In my book, TheRiver of Forgetting: A Memoir of Healing from Sexual Abuse, I wanted to celebrate this process... [Read the rest of the post...]

Interview at Paperback Writer - A Typical Writing Day

Interview at Paperback Writer

 Give us an example of a typical writing day. 

I have no typical writing day! For The River of Forgetting, it was such a personal and intense project that I had to work on it when I could and how I could. I’d haul out my journals from the relevant time and cull them for useful passages, get back into the feelings of the time, and then try to craft a story that would show just what I was going through. It was important both to capture the intensity of what I went through – recovering old, traumatic memories from childhood – and also to make a narrative that readers could relate to.

  Do you write on a computer or with pen/pencil and paper?

The computer is my best friend.[Read the rest of the interview...]

Which part of the book was the hardest to write?

This question is from the Pump Up Your Book author interview posted June 7, 2011

Q: Which part of the book was the hardest to write?

I came to a dead standstill about halfway through. I’d already spent about two years writing, finding a tone and form that worked to convey the story. One thing I did was to incorporate snippets of my journals in the story, so the narrative could keep flowing in one voice, and then the raw, uncensored voice of my journals could also enter when appropriate, but the reader would not have to be immersed in it all the time. I think it’s important to give the reader a break.

Anyway, I was trying to write about a year of my life that was just chaotic in the intensity of the flashbacks and emotions that swept through me, and I stalled. My therapist, the same one who had guided me through the years, said, “Just wait, it will come,” but this felt different from the other times I had stopped and started. Finally, I said to her, “I just don’t want to write this part. How many times do I have to go back there?” “Good question,” she said. I realized it was time to go on to the next part and write about finding the little girls inside of me, my inner children, and how I learned to be trustworthy for them and they learned to trust me.

“It’s a love story,” my therapist said, “a love story of you and the little girls inside.” And then I was able to write the rest of the book.

First Appearance on my June Virtual Book Tour

(I'll try to post only new material from this tour--don't want to bore you!) 

Cheryl Malandrinos writes on Broowaha:

I’ve known Jane Rowan for a couple of years now. She’s a happy, active, and talented writer and artist. When she asked me to read her memoir, The River of Forgetting: A Memoir of Healing from Sexual Abuse, I was pleasantly surprised.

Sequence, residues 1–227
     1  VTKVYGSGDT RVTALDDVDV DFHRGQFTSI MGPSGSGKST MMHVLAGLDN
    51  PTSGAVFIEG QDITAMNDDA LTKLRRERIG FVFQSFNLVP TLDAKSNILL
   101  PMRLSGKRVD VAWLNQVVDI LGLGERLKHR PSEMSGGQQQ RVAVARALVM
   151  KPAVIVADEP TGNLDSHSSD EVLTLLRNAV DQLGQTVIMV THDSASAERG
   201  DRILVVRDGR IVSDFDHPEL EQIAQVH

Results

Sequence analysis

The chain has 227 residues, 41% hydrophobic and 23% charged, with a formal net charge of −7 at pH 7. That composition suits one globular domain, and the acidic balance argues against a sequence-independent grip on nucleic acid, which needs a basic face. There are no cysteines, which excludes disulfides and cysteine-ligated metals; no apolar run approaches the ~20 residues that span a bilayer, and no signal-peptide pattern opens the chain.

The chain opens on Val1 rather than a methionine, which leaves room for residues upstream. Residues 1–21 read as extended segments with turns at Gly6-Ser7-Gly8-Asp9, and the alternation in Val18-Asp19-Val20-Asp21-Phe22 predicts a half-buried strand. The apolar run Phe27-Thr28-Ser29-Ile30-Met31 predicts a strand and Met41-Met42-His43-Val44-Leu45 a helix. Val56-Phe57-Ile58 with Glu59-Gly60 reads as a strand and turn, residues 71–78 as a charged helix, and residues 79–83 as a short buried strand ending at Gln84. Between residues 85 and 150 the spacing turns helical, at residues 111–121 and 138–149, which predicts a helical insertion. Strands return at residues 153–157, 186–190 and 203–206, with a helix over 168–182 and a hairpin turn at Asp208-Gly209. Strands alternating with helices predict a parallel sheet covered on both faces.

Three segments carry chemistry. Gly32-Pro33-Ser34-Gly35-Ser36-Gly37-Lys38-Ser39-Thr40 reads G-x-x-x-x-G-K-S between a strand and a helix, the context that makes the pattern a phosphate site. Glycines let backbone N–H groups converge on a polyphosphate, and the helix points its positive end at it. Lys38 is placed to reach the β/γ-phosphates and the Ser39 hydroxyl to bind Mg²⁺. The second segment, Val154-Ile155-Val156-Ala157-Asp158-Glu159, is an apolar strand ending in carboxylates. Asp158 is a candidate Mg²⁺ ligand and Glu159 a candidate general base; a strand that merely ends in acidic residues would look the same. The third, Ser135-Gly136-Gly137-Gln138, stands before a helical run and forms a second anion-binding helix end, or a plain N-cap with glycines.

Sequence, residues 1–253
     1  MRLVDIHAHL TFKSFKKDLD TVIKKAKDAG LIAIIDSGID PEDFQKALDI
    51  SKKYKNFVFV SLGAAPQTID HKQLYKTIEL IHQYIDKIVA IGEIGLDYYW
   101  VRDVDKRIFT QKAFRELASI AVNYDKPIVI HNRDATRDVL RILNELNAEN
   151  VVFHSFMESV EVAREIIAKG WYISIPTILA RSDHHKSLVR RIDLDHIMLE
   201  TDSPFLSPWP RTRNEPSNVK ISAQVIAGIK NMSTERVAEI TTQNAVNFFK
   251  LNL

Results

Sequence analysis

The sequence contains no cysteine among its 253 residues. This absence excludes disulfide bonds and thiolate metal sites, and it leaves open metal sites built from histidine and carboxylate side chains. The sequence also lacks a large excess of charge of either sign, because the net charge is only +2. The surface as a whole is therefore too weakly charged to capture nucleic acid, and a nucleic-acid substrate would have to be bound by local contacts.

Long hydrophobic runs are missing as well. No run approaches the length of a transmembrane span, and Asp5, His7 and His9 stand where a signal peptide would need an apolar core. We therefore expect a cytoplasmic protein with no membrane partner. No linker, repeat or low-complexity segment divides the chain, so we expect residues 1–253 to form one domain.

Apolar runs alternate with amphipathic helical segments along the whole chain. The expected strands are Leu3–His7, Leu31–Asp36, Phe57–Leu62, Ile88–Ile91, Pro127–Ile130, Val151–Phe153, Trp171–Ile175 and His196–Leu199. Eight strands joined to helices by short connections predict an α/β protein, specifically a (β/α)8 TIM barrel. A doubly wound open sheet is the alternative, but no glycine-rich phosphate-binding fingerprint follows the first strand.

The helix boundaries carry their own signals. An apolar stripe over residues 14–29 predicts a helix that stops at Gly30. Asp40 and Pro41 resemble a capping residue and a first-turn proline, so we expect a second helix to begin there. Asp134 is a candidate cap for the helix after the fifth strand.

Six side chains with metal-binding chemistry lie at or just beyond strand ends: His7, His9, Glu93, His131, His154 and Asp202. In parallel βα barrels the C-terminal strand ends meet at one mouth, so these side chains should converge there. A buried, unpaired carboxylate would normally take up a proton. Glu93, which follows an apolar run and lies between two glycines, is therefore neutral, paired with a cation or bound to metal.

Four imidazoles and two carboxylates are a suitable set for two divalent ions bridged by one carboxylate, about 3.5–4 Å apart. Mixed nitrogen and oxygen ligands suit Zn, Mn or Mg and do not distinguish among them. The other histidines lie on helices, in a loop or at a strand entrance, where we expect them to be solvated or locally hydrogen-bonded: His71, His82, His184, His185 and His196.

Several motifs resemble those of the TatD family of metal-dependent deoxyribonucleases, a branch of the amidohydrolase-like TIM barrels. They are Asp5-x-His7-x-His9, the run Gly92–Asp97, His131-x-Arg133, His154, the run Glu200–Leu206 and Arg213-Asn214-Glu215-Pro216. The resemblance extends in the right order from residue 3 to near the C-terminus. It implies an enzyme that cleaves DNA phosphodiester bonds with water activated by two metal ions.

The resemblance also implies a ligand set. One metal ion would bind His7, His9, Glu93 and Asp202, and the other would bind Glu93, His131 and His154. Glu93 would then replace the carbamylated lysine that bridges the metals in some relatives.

The River of Forgetting covers a particular five-year period in Rowan’s life, from the first memory that surfaced and hinted at childhood abuse to the moment when she decided to write the book. Her world as she knew it turned chaotic as she tried to understand whether her loving, eccentric family was also an abusive family. She also had to cope with this while living her regular life, teaching and caring for her elderly mother; a mother who might have allowed the abuse to occur. 

Not only is this a story of Rowan’s journey to heal from past hurts, it’s a therapy story to honor the men and women who do heroic work every week in therapists’ offices all over the globe - uncovering painful pasts and integrating and learning to open their hearts and move on.

Social Media and the Inner Child

Social media have us hooked—no big news there. Facebook claims over 500 million users. Twitter has reached nearly 200 million users registered accounts who post 110 million tweets per day as of January 1, 2011. (Now I don’t necessarily think that the number of accounts is equal to the number of human users, but that’s a quibble for another day.)

Lately I’ve been noticing the ways social media hook my Inner Child.  I feel “You’ve got to keep going with the social media, you’re on a roll, have to get more followers on Twitter, get more friends on Facebook, got to keep in touch with Linked In-- hurry, hurry, reply.” Sometimes it’s my childish fears (You don’t have enough friends. You’re not doing enough. Look, Suzy Q has 3000 followers and you have only 200). Sometimes it’s positive reinforcements (Oh, two more followers, let me look for more, my score is rising. Keep going now, I’m on a roll).

The social media are useful, no doubt. But they are also addictive through their push-pull of enticement and fear. Just now I set the kitchen timer for 30 minutes to make sure I have to get up and breathe, look into my back yard, remember my body is here, rather than just keep plugging in electronically.

But anyway, we can play out in that great Web. See you in cyberspace!